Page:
Surfing has been exceptionally good to Bennett, but the flip-side of that is that many board shops would have gone under, were it not for the generosity of the “bank of Barry”. He is an institution in Brookvale, but admits that there is a bit of family pressure on him to slow down now. “Maybe next year,” he grins, flicking some foam dust from his hair.
Denny Keogh and Greg McDonagh share the honours for being the first boardbuilders to experiment with foam blanks back in the late 1950s, just as balsa supplies became more constant and the lighter wood replaced the hollow okanuis. But Keogh and McDonagh almost leapfrogged the balsa era, even though Denny for a time produced balsa kits, one of which provided the young Midget Farrelly with his first “shortboard”. But Keogh and McDonagh both had their eyes on a much bigger prize, lightweight poly-foam surfboards that they both knew would transform the industry.
In the end it was Barry Bennett who took on blank production seriously, and established a virtual monopoly, but not before young turks McDonagh and Keogh courted disaster with factory fires and explosions, and came up with a formula for strong, durable blanks that wouldn’t blow up or shrink in the sun.
We interviewed Denny and Greg separately but found many parallels not only in their surfboard manufacturing stories, but in their fit, slim presence close to 80, and their easy-going attitude to life, possibly due in part to the financial successes they enjoyed after surfboards, Denny with Hobie Cats and Greg with the Surf Dive & Ski retail chain.
Outside of Sydney, we interviewed Billy Wallace at home in Noosa, where he put down his shaping tools for the last time about three years ago, and globetrotting Joe Larkin, who was briefly home on the Tweed Coast before heading to New York for Christmas. There were interviews too with the surfer/shapers who had learnt from the pioneers, among them Farrelly and McTavish. But the Brookvale story couldn’t be told without the inclusion of one guy who was its heart and soul.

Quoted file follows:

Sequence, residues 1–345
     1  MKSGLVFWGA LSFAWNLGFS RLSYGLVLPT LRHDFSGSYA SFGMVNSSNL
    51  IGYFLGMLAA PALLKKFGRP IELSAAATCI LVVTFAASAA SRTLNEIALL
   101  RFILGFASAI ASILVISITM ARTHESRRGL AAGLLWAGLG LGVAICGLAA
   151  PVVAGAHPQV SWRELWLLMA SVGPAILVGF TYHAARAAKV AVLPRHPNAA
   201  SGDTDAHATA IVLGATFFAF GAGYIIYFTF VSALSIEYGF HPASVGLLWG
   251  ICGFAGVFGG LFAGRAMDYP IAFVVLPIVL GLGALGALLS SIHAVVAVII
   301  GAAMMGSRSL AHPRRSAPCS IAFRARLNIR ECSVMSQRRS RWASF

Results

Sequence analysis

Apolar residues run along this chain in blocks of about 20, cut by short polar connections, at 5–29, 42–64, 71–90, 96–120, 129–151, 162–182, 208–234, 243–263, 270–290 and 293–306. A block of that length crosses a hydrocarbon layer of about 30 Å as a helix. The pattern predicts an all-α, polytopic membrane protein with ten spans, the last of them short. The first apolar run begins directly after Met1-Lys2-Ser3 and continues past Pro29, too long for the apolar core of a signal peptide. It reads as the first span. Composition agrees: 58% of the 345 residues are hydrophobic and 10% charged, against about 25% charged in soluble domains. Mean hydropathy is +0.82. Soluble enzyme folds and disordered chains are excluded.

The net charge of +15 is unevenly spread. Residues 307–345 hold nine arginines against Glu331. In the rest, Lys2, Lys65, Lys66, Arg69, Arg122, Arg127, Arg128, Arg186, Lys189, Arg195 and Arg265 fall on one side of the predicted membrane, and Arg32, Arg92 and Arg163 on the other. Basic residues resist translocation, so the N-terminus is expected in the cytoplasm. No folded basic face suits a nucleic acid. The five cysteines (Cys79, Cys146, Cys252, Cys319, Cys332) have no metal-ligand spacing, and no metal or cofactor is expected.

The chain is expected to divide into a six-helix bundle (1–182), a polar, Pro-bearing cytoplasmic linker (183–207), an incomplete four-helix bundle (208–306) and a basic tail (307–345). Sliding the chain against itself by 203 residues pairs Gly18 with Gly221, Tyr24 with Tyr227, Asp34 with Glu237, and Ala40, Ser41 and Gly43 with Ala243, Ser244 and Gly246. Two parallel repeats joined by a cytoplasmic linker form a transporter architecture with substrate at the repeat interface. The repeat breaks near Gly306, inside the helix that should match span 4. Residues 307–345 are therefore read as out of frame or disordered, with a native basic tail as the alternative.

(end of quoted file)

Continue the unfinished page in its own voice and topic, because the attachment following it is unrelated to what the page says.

For about a year I’d been trying to track down the whereabouts of Scott Dillon. Scotty just could not be left out, but where was he? He’d gotten himself into a bit of strife in Hawaii a couple of years ago when he disappeared for a few days, leaving his rental car at an airport. He was declared a missing person and police began combing the islands for a feisty old bugger in boardies, wearing a lot of bling and a lot more attitude. He’s been an international man of mystery ever since.
Scott Dillon at Bare Island, La Perouse, winter 1962
I tracked him to Tasmania and was about to fly there when I got a tip – a nursing home in Coffs Harbour. Yes, Mr Dillon was in residence and would I like to speak to him?
“Phil,” he bellowed, “where ya bloody been?”
Born in Bondi in 1928, Scotty rode toothpicks from the age of six, and in the immediate post-war years was one of Sydney’s finest and gamest surfers. In the 1950s he turned to surfboard production, but would never be found at the factory when the surf was up, and his many employees loved him for that.
Everywhere he went, Scotty was the life of the party, even as he got older. In Coffs Harbour we shared some chuckles about the many Noosa Surf Festivals he’s attended, and the year he and Midget Farrelly were guests of the Biarritz Surf Festival and we showed them around the wineries and tapas bars of the Basque Coast. It was not the Scotty of old, but he still had spirit.
“I think I might go back to Hawaii and ride some proper waves,” he said as we signed him back into the home. “As soon as I get me life back together and get out of here.” He winked and made a rude gesture as a pretty nurse led him back to his room. //PHIL JARRATT